With prayer and the somber ringing of church bells, residents in Mississippi and Louisiana gathered Saturday to mark the 10th anniversary of the day that Hurricane Katrina slammed into their states, causing deadly and costly havoc.
Addressing dignitaries at New Orleans's memorial to the unclaimed and unidentified dead, Mayor Mitch Landrieu spoke of the dark days after the monstrous storm and how the city's residents leaned on each other for support.
"We saved each other," the mayor said. "New Orleans will be unbowed and unbroken."
In Mississippi, meanwhile, churches along coastal Hancock County tolled their bells in unison Saturday morning to mark the 10th anniversary of the day that Katrina made landfall in the state.
Eloise Allen, 80, wept softly into a tissue and leaned against her rusting Oldsmobile as bells chimed at Our Lady of the Sea Catholic Church just across a two-lane street from a sun-drenched beach at Bay St. Louis.
She said her home, farther inland, was damaged but livable. Her daughter lost her home in nearby Waveland. Many of her friends and neighbors suffered similarly.
"I feel guilty," she said. I didn't go through what all the other people did."
In Biloxi, clergy and community leaders were to gather later at MGM Park for a memorial to Katrina's victims and later that evening the park will host a concert celebrating the recovery.
The hurricane's force and flooding ultimately caused more than 1,800 deaths and roughly $151 billion in damage across the region. In New Orleans, wide scale failures of the levee system protecting the city left 80 percent of New Orleans under water.
Katrina's force caused a massive storm surge that scoured the Mississippi coast, pushed boats far inland and wiped houses off the map, leaving only concrete front steps to nowhere.
Glitzy casinos and condominium towers have been rebuilt. But overgrown lots and empty slabs speak to the slow recovery in some communities. As The Christian Science Monitor's Patrik Jonsson wrote:
A confluence of federal dollars, swamp-tested Cajun and Creole resilience, and a “Brooklyn on the Bayou” bohemian aesthetic has brought New Orleans to a place few could have imagined in the dreary aftermath of Aug. 29, 2005. Then, the nation watched transfixed and horrified as 85 percent of a major American city flooded to the eaves, killing hundreds, stranding thousands in attics, and leaving legions of others without homes.
Today, 10 years later, New Orleans is America’s “Lazarus city.” Its main commercial and residential areas are back. It’s hardest-hit neighborhoods are reviving. Since 2007, the city has attracted a higher percentage of college-educated Millennials than any other urban area.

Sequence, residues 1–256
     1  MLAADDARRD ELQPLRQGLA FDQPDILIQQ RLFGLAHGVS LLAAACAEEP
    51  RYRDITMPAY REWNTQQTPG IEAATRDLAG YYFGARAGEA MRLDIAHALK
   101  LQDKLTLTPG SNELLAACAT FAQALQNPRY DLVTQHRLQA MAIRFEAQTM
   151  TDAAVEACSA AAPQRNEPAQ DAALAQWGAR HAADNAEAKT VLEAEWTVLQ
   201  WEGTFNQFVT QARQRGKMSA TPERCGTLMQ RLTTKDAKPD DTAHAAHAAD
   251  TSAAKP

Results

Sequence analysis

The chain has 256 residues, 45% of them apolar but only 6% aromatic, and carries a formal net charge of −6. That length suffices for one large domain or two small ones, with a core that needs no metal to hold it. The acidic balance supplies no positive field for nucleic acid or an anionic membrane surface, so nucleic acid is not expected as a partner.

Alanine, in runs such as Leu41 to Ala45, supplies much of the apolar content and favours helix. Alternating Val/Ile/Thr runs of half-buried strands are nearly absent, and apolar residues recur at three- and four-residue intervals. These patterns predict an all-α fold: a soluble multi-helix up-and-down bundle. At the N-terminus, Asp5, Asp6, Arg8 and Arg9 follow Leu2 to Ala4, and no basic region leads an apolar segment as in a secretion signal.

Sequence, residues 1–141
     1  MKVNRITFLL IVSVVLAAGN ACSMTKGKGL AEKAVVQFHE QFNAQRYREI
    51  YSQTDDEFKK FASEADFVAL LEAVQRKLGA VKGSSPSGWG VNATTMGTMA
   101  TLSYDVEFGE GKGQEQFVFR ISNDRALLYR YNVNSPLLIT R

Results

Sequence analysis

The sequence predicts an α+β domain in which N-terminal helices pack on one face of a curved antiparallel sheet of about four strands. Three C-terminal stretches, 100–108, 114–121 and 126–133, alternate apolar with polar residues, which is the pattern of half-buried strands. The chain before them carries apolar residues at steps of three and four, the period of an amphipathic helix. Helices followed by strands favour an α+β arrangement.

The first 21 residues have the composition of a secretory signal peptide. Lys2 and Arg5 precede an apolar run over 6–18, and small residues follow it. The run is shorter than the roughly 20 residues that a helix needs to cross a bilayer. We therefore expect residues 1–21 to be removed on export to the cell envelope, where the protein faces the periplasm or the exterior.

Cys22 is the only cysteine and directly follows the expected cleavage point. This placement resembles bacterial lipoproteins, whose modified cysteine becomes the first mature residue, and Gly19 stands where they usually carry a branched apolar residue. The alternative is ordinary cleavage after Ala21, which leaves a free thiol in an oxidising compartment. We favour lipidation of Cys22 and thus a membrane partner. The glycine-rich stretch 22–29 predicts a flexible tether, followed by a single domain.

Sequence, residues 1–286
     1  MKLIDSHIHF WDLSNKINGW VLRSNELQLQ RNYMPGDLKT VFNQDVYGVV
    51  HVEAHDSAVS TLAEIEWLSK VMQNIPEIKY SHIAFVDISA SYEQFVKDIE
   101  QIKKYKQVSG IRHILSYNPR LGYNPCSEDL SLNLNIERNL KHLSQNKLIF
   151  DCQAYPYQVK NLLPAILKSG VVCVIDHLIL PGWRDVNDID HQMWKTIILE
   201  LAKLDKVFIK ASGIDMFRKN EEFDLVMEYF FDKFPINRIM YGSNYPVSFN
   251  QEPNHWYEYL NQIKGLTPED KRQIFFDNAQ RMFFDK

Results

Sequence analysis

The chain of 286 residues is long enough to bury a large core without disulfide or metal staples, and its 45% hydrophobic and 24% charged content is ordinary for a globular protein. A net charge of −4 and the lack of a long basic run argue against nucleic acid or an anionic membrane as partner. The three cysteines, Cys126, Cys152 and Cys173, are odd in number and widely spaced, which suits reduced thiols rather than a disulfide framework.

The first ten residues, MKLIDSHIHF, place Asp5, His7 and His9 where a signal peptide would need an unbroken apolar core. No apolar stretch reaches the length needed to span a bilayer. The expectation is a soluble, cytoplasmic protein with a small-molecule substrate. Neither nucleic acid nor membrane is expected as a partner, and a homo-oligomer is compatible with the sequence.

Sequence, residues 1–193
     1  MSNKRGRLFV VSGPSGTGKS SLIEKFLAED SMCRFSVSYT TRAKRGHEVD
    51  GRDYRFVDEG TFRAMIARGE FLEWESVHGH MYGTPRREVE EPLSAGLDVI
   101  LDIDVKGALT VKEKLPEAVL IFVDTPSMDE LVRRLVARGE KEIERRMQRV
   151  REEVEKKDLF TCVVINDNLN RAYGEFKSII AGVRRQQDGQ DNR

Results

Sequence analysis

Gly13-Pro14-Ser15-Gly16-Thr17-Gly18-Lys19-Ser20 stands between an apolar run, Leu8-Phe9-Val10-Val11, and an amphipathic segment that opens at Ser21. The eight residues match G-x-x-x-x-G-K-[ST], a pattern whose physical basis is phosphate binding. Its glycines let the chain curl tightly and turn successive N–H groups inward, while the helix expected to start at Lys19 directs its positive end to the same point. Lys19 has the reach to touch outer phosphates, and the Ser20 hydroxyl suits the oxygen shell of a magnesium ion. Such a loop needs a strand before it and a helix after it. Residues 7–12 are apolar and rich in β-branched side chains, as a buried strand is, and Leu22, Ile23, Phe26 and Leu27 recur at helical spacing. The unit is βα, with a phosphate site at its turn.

New Orleans is creating start-up businesses at a rate 64 percent higher than the national average, has launched the most ambitious charter school movement in the United States, and is improving its ethics-deficient political and police institutions – all while preserving, for the most part, its bacchanalian identity and gumbo culture.
This is not to say the Crescent City is a complete urban success story. Crime remains virulent, poverty entrenched, and some 100,000 New Orleanians who fled the storm, the vast majority of them poor and black, have never returned. They have been largely replaced by an influx of enterprising young whites, leading some to wonder whether Katrina didn’t unwittingly unleash the nation’s most jarring gentrification movement, forever altering the city’s soul.
On Saturday evening, former President Bill Clinton will headline a free concert-prayer service-celebration at the city's Smoothie King Center. In addition to the former president the event will feature performances by the city's "Rebirth Brass Band," award-winning journalist Soledad O'Brien and Chief Monk Boudreaux and the Wild Magnolias.
The city has framed the 10th anniversary as a showcase designed to demonstrate to the world how far the city has come. In a series of events in the week leading up to the actual anniversary, the city has held lectures, given tours of the levee improvements and released a resiliency plan.
Many parts of this iconic city have rebounded phenomenally while many residents — particularly in the city's black community — still struggle.